Anthony Richardson: Why He Has Earned the Starting Quarterback Position

How We Got Here


The quarterback position of the Florida Gators football team this year has been a hot topic among fans this season. So, how did we get here? Well, first, Gator Nation quietly heard the murmurs from Fall Camp that the offense flowed a little smoother in scrimmages with one quarterback, and somewhat lackluster with the other. Next, the season opened up against Florida Atlantic University with Emory Jones, presumed QB1, having some expected growing pains. Jones was fast to start in the contest, but had an otherwise underwhelming first career start. Late in the game, Anthony Richardson entered and immediately dashed for a 73-yard touchdown. In the waining seconds of the game, Richardson leaped over a defender with ease as a final bow in his brief introductory performance for the Gators.


The very next week, an explosion happens. Jones has another subpar performance against the University of South Florida, going 14-22 for 151-yards with one touchdown and two interceptions. Jones added 13 rushing attempts on the ground for 89-yards and one score. Meanwhile, Richardson goes nuts. The hometown, redshirt freshman was given seven total attempts, three passing and four rushing. In the air, he completes all three attempts for 152-yards and two scores. On the ground, Richardson totals 115 yards and one touchdown, capped off by 80-yard TD sprint in which Richardson pulls his hamstring while entering the end-zone.


Subsequently, Jones would go on to somewhat improve his play against Alabama, Tennessee, and Kentucky while Richardson nursed his hamstring injury. Florida would end the 3 game stretch with a 1-2 record, with Richardson receiving very limited play in odd situations, despite the offensive struggles endured primarily in the Kentucky game. The Vanderbilt game was an excellent performance by Jones, totaling 273-yards with 14-22 passing and 4 touchdowns. All career-highs for Jones. Richardson was just 4-6 for 25-yards and 1 interception. The Gators won 42-0.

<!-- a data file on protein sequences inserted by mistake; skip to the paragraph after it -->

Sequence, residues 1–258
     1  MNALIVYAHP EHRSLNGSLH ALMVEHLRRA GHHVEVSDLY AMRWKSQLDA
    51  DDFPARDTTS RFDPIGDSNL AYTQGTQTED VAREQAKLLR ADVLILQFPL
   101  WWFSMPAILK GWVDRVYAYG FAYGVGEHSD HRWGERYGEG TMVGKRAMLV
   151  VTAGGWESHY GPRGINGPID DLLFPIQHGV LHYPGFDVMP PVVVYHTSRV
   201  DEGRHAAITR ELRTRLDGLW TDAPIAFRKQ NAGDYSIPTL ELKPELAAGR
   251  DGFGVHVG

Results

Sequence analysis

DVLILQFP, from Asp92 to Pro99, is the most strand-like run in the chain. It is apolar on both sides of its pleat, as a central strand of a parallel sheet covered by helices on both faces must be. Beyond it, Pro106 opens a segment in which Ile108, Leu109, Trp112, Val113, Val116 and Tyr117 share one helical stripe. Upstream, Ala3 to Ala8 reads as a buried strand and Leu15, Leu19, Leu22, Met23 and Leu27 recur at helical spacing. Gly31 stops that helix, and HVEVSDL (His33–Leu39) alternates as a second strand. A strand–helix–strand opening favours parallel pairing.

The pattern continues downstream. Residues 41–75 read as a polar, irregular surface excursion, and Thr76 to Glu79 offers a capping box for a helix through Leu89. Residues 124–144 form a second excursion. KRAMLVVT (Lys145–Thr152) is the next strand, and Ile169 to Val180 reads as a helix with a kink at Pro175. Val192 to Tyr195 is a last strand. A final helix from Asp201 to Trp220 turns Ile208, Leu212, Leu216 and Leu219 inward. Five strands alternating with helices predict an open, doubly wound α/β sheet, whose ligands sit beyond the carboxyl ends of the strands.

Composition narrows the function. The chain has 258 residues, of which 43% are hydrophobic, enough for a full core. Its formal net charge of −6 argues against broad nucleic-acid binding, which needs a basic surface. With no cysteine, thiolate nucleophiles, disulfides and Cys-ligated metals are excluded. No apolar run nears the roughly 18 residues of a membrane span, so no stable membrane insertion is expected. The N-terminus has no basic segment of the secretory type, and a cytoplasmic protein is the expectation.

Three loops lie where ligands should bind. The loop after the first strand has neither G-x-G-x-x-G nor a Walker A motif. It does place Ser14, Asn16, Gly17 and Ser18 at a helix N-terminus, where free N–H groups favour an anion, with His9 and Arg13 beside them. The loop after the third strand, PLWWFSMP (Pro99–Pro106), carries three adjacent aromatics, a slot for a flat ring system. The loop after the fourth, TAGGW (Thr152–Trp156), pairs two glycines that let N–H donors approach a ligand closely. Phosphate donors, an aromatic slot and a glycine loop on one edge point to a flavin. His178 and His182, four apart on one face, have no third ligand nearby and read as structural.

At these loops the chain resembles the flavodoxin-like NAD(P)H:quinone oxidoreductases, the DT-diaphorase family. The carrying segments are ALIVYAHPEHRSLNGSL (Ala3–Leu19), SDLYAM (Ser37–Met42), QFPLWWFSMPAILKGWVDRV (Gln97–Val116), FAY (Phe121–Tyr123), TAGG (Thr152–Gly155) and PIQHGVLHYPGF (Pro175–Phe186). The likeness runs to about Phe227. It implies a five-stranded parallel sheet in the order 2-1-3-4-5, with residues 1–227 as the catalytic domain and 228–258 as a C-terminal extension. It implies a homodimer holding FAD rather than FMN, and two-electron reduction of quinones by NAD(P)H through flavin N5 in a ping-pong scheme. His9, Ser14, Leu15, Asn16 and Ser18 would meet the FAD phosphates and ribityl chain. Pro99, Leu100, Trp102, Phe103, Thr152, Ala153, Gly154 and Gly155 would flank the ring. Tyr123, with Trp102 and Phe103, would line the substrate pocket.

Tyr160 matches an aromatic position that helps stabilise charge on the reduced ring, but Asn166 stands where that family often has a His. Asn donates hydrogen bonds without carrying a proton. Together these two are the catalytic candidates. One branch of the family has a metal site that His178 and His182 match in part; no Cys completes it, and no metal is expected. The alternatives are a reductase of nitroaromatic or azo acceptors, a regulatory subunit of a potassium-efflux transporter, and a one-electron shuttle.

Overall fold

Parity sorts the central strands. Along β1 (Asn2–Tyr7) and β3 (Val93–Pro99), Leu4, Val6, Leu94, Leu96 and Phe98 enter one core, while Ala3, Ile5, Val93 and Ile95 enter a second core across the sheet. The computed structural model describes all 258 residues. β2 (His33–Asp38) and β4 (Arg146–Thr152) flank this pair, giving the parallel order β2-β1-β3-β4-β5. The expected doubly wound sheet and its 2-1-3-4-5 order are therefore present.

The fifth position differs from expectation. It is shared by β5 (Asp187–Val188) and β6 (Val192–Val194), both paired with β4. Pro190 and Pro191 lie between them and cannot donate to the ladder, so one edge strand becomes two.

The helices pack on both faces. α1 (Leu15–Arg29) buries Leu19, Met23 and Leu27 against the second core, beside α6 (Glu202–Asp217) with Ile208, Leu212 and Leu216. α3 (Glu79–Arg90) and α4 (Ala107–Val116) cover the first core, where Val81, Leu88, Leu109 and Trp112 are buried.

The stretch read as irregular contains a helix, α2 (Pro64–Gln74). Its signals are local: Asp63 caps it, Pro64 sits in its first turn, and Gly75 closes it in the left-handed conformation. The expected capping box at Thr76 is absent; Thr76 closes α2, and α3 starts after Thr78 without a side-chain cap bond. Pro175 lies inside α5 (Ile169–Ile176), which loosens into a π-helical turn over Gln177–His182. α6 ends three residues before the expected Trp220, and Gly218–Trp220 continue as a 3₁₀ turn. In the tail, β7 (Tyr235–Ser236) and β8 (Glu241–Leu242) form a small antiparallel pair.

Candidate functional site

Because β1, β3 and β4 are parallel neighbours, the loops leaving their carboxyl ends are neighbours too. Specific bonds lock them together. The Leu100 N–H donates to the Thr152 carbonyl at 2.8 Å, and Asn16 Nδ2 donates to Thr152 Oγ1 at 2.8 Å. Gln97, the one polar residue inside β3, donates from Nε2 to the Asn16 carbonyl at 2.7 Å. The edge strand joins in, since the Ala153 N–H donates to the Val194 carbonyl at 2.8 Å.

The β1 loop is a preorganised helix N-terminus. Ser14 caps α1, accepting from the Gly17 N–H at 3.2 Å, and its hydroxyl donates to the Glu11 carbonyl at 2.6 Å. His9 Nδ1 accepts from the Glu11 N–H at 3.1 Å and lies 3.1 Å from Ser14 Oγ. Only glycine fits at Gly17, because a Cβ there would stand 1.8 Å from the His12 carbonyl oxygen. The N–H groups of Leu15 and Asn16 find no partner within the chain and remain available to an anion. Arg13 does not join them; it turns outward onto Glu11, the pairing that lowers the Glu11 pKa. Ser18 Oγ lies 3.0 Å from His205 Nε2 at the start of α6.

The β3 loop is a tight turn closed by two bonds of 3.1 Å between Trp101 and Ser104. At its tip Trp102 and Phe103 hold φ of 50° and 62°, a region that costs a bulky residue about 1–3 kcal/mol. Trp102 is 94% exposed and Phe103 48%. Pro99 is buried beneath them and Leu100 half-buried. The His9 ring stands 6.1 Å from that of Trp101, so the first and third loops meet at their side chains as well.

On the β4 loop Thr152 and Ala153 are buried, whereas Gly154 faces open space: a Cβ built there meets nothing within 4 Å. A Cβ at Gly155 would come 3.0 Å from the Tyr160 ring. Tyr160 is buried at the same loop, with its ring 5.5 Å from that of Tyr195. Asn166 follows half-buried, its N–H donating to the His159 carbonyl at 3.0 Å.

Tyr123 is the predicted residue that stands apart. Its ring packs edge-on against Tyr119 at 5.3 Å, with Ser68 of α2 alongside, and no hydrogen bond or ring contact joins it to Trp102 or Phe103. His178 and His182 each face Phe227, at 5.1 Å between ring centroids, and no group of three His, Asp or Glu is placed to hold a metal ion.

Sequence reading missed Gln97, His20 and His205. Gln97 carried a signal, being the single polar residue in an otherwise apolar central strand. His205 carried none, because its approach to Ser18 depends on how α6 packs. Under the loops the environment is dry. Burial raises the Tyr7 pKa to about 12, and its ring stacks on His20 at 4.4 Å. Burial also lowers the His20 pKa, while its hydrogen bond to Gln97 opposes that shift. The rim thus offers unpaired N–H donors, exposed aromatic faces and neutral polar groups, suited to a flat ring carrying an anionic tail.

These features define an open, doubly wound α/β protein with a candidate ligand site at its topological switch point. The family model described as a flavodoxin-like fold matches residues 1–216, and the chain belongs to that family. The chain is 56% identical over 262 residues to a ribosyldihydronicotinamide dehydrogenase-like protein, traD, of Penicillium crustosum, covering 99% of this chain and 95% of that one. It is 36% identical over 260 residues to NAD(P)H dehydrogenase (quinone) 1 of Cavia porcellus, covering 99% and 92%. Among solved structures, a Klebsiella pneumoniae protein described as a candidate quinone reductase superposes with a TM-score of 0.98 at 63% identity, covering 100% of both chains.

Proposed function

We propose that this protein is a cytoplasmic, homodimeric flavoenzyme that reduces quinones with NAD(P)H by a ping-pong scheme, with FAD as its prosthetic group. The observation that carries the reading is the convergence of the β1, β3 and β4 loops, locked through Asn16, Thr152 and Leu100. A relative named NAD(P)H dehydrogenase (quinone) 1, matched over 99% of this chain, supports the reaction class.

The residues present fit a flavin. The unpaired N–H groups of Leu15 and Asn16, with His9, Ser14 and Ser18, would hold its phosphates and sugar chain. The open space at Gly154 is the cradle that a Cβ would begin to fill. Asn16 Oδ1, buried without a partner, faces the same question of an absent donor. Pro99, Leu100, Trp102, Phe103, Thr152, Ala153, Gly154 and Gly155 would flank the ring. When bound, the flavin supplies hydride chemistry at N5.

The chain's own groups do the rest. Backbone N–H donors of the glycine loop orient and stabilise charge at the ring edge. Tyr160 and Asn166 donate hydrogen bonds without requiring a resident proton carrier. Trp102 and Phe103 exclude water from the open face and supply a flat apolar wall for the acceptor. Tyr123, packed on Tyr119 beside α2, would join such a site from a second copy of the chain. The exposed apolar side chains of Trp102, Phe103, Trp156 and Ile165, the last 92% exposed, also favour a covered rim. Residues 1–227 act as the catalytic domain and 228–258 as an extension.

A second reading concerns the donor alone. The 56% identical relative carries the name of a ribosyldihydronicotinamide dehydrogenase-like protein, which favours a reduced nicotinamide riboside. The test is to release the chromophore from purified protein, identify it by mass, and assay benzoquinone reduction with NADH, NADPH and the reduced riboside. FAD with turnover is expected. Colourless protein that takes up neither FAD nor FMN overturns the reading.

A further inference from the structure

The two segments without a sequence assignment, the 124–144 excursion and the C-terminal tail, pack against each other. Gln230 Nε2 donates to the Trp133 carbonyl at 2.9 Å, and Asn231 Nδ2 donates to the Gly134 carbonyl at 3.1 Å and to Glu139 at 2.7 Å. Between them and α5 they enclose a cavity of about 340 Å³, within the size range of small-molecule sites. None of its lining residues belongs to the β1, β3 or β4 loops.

Then, LSU happened. In short, the defense could not stop the LSU running attack. So, the Gators found themselves digging out of a hole from the jump. Jones' stats were not great, but not terrible. He went 12-19 for 161-yards with 1 touchdown on an end-of-the-half hailmary to Justin Shorter. However, two bad interceptions by Jones were quite costly. Richardson took full control of the offense after Jones' second interception was returned for a touchdown. Richardson ends up completing 10-19 passes for 167-yards and three touchdowns. He also led the team in rushing with seven attempts for 42-yards a one score. The Gators would lose their 3rd game of the season 42-49 on Richardson's second interception of the day.


What We Know


The synopsis above provides a brief look at what the season has looked like from a quarterbacking perspective. On one hand, Jones provides the Gators with a mobile quarterback who excels on the run, but is somewhat limited in all the other areas where the Gators need a playmaker. On the other hand, Richardson has proven he can do just about everything Jones can, and then some. If you are just looking at stats, Jones shows he is capable of being the starting quarterback for the Gators.